I recently spent an evening with the Cascade Center of Photography out of Bend, Oregon doing some photography in the Painted Hills Unit of John Day Fossil Beds National Monument.
Named for early 19-th century fur trader, John Day, the John Day Fossil Beds was established as a national monument on October 8, 1975. The park is comprised of three geographically separate units: Painted Hills, Clarno, and Sheep Rock. Formed when the area was an ancient river flood plain, the Painted Hills are named for the color layers of soil that correspond to various geological eras. The red soil in the above image is laterite, formed by floodplain deposits when the area was warm and humid.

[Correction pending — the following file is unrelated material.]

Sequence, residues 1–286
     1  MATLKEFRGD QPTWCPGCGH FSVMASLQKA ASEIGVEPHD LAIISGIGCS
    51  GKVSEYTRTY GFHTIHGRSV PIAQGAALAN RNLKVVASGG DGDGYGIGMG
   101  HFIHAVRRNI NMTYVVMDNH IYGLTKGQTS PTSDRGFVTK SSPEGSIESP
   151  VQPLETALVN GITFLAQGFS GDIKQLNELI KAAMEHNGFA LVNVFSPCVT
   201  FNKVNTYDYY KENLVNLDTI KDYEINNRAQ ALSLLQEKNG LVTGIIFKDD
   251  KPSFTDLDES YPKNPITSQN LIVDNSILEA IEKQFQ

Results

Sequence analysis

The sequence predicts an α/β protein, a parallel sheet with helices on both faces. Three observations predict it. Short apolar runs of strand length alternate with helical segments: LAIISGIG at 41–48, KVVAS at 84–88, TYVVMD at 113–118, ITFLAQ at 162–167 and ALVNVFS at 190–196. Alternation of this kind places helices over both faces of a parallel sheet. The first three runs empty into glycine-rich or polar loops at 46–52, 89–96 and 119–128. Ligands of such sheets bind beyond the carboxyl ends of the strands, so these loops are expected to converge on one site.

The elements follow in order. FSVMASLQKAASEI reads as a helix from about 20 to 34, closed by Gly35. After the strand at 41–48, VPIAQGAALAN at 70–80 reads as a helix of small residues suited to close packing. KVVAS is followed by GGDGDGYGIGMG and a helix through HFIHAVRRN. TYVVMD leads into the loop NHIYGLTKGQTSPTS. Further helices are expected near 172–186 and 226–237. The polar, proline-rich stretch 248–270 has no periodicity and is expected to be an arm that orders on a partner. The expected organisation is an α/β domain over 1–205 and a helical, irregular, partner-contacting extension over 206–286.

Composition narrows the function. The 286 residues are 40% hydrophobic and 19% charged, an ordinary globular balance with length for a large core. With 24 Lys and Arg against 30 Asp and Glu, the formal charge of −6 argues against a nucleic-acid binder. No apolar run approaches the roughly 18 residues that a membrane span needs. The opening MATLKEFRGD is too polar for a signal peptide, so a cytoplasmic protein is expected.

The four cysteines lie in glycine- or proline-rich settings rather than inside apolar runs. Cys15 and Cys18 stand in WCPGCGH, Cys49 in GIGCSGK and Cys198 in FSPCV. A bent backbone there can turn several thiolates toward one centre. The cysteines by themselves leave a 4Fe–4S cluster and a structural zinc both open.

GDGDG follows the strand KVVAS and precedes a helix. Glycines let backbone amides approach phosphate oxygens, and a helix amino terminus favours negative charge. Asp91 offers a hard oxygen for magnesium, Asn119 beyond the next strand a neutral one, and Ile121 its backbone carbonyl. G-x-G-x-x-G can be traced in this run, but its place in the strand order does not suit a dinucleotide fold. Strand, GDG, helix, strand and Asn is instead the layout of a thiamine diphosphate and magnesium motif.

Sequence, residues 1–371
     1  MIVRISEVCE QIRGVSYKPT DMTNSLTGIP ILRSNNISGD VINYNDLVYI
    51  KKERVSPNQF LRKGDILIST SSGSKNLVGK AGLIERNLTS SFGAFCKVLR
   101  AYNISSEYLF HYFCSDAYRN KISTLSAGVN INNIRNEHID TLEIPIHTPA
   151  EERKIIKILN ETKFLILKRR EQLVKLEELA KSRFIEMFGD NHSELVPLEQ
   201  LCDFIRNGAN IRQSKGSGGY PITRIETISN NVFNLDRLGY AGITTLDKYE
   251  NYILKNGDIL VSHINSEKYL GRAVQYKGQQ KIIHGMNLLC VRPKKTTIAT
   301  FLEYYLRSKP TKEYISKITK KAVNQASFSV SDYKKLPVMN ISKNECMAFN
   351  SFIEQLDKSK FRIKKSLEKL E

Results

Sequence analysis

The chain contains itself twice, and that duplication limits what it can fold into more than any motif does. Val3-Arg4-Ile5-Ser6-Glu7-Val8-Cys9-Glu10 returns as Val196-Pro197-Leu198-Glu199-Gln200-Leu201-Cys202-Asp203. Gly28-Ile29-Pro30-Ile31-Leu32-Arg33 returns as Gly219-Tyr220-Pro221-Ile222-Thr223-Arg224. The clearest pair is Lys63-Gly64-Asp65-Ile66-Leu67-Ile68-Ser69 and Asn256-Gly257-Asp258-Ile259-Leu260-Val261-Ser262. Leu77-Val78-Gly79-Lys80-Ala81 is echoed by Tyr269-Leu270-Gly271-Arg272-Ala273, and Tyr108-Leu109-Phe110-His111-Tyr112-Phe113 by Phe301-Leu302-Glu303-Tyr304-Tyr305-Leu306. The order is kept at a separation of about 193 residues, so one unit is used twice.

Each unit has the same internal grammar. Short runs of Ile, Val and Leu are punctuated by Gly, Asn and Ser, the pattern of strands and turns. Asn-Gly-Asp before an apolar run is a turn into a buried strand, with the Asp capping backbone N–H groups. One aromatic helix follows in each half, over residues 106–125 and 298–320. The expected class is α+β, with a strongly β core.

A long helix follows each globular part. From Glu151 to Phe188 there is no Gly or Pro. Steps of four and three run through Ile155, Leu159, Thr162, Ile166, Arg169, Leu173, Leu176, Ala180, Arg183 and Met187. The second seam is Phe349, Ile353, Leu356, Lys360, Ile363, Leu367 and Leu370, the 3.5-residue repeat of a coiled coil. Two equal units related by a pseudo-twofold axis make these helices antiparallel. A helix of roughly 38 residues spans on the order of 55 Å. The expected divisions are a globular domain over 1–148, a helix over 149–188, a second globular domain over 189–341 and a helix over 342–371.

It had rained a couple of days prior to our visit and, as a result, desiccation cracks formed in the muddy sediment surrounding the hills. It made for some very interesting abstract images (as well as for some very muddy shoes).
It wasn’t long before the sun started to go down and the “golden hour” started to paint the hills (pun intended) with amazing light.
Once the sun had set, we packed up our gear and made our way back to the van. We weren’t done for the night and we made our way to an area called the “Oregon Outback” to do some star photography and a little bit of light painting.
It wasn’t long until it was after midnight and the evening came to and end … the weekend, however was just beginning, and after catching some much needed shuteye, it was time to start searching for some historic schools.
Until the next adventure…